But the reason behind Adrien’s mask is not easily understood, so as Adrien and Janey’s story continues, Emma Scott allows her readers to do some investigating of their own as they are presented with Adrien’s conflicted internal thoughts and Janey’s astute observations and drive to uncover everything that Adrien works hard to hide.

One Good Man is an incredible story – one that illustrates the true measure of a man when it comes to not letting people down and accepting a set of circumstances that may not be what he would have chosen for himself. I loved how Emma Scott characterized Janey in a way that forced the heroine to look beyond Adrien’s mask because Janey’s inquisitiveness and her ability to read a situation pull her towards Adrien’s truth regardless of her initial reaction to him.

I’m so glad that I found Emma Scott when I did; I adore her storytelling because it’s obvious that she writes from her heart and that she listens to her characters’ voices and then shapes them accordingly because each one is incredibly dynamic, and that allows readers to understand all facets of who the characters are and why they do what they do…even when other characters may not understand.

Janey and Adrien’s story is not one I will soon forget because it truly showed just how fragile life is and why sometimes the best stories are the ones we write about ourselves just by living our lives.

5 Poison Apples


I reached over and pushed ‘stop’ on Janey’s tape recorder and turned to her. “Saturday then?”

She coughed in surprise. “What happens Saturday?”

“We conclude the interview. You need to see a football match firsthand or your article is going to sound like a bunch of amateurish gibberish. You want to be taken seriously?”

She pressed her lips together for a moment. “Yes.”

“So do I. Saturday at noon at Stade Jean-Marc. We’ll finish the interview after.”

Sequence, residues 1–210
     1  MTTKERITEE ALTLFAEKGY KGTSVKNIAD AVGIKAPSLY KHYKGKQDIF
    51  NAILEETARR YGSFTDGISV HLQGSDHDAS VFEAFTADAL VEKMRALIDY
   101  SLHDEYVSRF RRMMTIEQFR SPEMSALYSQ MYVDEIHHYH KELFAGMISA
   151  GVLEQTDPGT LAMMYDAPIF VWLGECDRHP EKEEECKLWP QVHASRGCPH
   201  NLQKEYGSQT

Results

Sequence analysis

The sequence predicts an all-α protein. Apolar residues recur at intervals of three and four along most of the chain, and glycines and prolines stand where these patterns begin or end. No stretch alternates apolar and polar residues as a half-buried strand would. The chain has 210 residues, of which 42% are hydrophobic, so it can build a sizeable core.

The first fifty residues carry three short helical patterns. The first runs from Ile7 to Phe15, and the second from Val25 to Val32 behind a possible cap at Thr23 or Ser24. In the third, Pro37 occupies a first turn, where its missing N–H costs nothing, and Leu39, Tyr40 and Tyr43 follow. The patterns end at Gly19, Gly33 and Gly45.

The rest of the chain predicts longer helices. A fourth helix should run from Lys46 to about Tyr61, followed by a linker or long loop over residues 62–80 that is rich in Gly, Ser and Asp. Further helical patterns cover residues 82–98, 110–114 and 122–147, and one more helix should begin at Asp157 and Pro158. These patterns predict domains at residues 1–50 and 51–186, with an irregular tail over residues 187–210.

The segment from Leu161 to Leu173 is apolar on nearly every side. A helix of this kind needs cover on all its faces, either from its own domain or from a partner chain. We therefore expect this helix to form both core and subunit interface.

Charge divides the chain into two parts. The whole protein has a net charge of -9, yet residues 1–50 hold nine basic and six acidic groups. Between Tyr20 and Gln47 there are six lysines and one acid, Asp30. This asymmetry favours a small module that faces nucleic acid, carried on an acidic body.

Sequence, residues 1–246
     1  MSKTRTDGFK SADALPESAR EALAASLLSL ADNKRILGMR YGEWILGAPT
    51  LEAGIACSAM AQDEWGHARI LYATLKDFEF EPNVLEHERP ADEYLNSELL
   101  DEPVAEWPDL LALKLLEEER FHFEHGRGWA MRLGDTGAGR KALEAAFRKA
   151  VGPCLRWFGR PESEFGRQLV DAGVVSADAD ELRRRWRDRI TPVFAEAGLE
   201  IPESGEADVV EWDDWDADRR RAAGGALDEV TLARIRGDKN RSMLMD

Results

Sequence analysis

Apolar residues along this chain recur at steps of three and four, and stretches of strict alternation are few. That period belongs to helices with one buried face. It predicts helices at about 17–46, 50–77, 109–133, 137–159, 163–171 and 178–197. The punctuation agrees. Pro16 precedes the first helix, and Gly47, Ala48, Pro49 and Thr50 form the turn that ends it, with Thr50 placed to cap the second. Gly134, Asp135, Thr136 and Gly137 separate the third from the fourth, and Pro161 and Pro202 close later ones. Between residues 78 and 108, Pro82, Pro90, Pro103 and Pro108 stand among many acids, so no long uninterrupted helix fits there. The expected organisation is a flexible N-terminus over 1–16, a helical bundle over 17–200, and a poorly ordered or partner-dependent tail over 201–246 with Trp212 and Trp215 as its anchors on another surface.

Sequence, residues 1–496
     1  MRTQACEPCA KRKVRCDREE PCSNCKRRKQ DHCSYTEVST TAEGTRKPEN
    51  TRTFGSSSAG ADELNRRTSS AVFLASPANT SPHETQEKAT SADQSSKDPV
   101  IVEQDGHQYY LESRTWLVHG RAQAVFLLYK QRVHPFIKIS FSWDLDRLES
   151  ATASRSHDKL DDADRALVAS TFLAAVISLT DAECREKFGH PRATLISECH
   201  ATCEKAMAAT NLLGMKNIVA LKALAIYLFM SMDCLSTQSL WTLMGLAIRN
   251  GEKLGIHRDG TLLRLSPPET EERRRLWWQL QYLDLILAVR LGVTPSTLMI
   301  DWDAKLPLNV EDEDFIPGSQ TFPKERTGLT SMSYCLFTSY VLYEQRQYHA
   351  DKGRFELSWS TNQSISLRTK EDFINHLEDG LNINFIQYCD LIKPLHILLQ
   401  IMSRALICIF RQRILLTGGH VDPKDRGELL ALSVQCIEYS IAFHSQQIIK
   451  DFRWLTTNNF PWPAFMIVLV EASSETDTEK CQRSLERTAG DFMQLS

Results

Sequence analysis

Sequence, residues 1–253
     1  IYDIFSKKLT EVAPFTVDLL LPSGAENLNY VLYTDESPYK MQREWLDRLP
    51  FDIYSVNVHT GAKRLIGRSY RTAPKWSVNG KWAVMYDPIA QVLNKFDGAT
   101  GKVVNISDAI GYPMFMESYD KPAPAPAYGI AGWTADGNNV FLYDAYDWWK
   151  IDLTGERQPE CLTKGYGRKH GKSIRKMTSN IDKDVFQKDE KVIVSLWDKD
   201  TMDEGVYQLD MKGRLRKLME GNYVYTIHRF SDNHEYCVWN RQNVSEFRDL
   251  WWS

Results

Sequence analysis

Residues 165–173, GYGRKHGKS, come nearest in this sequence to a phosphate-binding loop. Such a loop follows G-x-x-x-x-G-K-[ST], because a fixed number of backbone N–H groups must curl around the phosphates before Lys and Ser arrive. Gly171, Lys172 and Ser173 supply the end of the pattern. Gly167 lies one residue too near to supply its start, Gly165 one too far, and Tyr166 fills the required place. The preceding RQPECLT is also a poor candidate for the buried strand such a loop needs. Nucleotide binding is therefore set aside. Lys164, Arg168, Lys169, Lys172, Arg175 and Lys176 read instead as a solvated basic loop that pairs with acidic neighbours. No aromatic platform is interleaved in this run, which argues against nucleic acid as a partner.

“Antoine wants the article in two days,” she said.

“Tell Antoine I said to wait.”

She took another long pull from the lemonade, her pride not letting her say yes to me so quickly.

“Saturday then,” she said. “For the article.”

“Right,” I said, holding her gaze. “For the article.”

She finished off the lemonade and set the glass down. “Thank you very much, Sophie. It was just what I needed.” She gathered her belongings and turned to me. “See you.”

“You have a drop of lemonade on your chin,” I said.

“Where?” Her hand flew to her mouth. “No, I don’t…”

I held out the cocktail napkin with my sketch of her, my brow raised.

Janey dropped her hand from her dry chin, fuming. I expected her to flounce away. But she snatched the napkin out of my hand, dropped it into her bag, and coolly walked away.

I wasn’t in love with her, but in that moment, I knew someday I would be.

Emma Scott is a bestselling author of emotional, character-driven romances in which art and love intertwine to heal, and in which love always wins. If you enjoy thoughtful, realistic stories with diverse characters and kind-hearted heroes, you will enjoy my novels.